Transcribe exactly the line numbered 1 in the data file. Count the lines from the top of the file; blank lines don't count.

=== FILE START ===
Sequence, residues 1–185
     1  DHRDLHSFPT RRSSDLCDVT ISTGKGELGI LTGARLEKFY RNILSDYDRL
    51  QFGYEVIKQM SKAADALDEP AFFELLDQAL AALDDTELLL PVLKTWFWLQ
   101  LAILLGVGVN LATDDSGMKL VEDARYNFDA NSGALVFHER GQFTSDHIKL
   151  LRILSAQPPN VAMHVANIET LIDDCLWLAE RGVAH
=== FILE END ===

Sequence, residues 1–185